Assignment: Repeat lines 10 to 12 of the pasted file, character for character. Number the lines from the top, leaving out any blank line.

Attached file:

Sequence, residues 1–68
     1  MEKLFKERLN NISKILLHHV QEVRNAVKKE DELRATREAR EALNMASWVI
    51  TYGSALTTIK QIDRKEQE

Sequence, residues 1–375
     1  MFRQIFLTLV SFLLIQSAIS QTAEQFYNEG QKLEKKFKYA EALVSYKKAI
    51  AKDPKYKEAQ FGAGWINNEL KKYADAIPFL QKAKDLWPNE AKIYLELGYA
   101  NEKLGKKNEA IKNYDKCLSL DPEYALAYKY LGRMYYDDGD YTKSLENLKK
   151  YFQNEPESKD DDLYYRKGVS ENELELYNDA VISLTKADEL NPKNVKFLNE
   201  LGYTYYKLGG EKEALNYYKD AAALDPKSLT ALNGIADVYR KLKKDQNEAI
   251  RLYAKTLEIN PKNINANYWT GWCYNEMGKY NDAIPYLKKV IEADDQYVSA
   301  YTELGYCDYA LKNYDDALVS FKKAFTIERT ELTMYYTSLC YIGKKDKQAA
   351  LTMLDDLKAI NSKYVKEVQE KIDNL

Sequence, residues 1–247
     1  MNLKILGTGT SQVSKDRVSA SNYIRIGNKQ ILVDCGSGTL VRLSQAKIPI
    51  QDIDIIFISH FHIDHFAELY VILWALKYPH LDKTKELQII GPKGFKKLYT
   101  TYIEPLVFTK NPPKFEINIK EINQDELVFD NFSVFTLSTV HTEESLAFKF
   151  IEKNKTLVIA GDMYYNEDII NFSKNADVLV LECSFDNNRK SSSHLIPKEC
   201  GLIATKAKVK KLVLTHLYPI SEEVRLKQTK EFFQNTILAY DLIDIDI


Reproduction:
   251  RLYAKTLEIN PKNINANYWT GWCYNEMGKY NDAIPYLKKV IEADDQYVSA
   301  YTELGYCDYA LKNYDDALVS FKKAFTIERT ELTMYYTSLC YIGKKDKQAA
   351  LTMLDDLKAI NSKYVKEVQE KIDNL